Going to the moon: Aero students win NASA competition for their sample containment system design

U-M RASC-AL team shares their experience on the design process, competition challenges, and beach volleyball

Students in Aerospace 495 Systems Engineering develop a design concept from start to finish. Some are involved in student teams, and some identify a design challenge and rise to the occasion. One group of students formed a team to compete in NASA’s annual Revolutionary Aerospace Systems Concepts – Academic Linkage (RASC-AL) Competition. The team created a LuVESS: a Lunar Vacuum-Enabled Sample Solution and competed in one of the four RASC-AL categories this year. They won.

We met up with them once they returned, victorious, to Ann Arbor. Here’s what they had to say.

The National Champion RASC-AL team from the University of Michigan.

What was this competition and how did you get involved?

RASC-AL is a space mission concept design competition. Every year, themes are released for next-generation concepts which university teams are asked to investigate and propose design concepts. The themes are released in late summer, and a proposal is due in early March that details requirements, sound engineering behind the design, and the design itself at a somewhat high level. A few teams per theme are then invited to the conference to present their concepts based on the merits of the proposal.
AE495 provided the opportunity for us to initially enter this competition. It was a unique opportunity, as this is the first time in the course’s history that the curriculum could be proven with a space mission design project. 

What was the most challenging part of preparing for the competition?

The most challenging part of this competition was preparing for questions and defending our design choices. With our design reviews as part of the 495 class, we experienced scrutiny at levels many of us hadn’t expected. This prepared us and even made us over cautious at times for what the judges may ask. The practice runs went on much longer than planned as we would ask each other questions that only someone with a fine tooth comb would bring up. Thus, through our design reviews, we found ourselves well prepared for the competition.

What was it like to win??

After being selected as a finalist, we really did aim to win at the conference. This having been the first time a U-M team has competed in over a decade, we worked hard to make sure we were putting our best foot forward. Winning in our design category was an awesome reward for our efforts, and enticed all of us to carry forward the knowledge we acquired from this competition to continue participating with excellence in years to come. 

What was the process?

We entered the competition early in the F21 semester, and integrated our team into the AE495 course. From four design themes put forward by RASC-AL, we selected the universal sample return for manned lunar missions theme. Our work from selection to the end of the fall semester involved getting ready for the AE495 Preliminary Design Review. We worked hard to define the concept as best we could, but had an admittedly difficult design review. The judges present really helped us refocus and map out a solution to completing the project.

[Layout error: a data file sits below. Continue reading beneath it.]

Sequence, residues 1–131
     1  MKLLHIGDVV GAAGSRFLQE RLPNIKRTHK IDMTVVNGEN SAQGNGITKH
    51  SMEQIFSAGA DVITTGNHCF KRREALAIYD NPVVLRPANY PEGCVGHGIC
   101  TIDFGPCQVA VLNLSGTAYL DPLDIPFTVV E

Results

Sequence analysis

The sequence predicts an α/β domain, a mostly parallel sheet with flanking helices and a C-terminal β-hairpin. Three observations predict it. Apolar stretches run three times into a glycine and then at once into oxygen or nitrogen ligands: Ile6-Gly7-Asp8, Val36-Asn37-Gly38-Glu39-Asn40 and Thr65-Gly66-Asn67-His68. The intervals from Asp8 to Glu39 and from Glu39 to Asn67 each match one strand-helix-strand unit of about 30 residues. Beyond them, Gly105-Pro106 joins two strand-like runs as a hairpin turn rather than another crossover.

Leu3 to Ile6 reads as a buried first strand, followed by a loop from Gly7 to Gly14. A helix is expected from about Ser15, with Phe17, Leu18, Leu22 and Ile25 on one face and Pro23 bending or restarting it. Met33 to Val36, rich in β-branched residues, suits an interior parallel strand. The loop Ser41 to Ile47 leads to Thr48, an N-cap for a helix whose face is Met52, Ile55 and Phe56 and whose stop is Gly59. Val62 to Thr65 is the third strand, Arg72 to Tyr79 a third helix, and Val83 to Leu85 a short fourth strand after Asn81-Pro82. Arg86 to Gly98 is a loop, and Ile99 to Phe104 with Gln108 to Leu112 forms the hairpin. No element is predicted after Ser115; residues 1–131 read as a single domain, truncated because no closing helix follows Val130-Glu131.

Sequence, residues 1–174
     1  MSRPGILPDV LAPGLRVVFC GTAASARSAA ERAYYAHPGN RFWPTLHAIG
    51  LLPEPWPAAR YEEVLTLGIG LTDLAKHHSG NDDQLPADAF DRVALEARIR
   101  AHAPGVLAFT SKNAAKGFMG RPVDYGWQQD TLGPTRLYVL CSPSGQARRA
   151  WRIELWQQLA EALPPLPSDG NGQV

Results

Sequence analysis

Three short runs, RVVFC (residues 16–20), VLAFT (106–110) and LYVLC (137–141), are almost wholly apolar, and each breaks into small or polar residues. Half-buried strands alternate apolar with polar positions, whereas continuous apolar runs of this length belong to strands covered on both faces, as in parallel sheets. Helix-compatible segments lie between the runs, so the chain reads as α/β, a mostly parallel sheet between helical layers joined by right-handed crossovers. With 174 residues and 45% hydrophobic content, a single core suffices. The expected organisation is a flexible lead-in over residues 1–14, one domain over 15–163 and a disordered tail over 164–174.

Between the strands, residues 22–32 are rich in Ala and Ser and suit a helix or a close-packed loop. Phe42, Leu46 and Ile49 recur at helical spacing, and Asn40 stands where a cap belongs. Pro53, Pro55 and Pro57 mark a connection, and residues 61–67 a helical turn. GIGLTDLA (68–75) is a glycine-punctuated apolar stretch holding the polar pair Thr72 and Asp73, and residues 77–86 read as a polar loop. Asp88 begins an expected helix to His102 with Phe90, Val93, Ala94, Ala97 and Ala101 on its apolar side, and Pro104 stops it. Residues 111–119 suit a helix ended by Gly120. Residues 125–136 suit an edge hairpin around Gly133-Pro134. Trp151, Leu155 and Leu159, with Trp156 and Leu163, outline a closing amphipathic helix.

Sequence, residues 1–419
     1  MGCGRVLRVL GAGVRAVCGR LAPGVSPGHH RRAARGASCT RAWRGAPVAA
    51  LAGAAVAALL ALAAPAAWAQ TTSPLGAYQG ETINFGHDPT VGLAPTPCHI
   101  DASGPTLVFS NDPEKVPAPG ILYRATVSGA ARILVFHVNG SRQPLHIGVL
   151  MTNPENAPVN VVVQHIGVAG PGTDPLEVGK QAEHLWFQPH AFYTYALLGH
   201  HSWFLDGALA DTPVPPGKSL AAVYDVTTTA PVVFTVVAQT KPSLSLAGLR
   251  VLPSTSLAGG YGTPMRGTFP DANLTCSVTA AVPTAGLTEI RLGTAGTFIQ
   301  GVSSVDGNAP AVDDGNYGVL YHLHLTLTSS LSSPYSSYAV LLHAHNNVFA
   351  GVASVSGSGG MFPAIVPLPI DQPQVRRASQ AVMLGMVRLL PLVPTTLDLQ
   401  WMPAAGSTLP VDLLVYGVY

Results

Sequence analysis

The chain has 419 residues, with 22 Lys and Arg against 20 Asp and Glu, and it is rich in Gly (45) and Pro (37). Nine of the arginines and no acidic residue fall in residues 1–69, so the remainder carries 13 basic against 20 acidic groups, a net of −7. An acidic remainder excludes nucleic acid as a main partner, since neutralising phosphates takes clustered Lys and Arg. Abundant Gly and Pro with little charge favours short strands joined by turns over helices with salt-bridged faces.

After personnel changes early in the W22 semester, we put our noses to the grindstone to prepare a technical proposal for the March 1 deadline, plus a Critical Design Review in early February. We took judge commentary to heart, and with the help of our technical advisors ironed out much of the technical kinks in our solution. Even though our design was at a high level, we really focused on making sure our systems engineering–requirements definition, mapping design choices to those requirements, and defending them with research and analysis–was spotless. We submitted a proposal and short video by March 1, and were notified of our selection as finalists a month later. 

We continued refining the design and worked on a prototype to bring to the competition. We submitted our technical paper–the meat of the deliverables on which we would be judged–by May 30, after reviews from our advisors. We arrived at the forum in the wee hours of the morning on June 20th after harrowing flight delays and cancellations. We presented slides, a poster, and our prototype and faced questioning from judges at the Forum. We were also able to see presentations from teams across the country and network with industry professionals.

Team lead Christopher Clyne in with the team’s poster and sample collection prototype.

Talk about your team and how you balance engineering, operations and planning?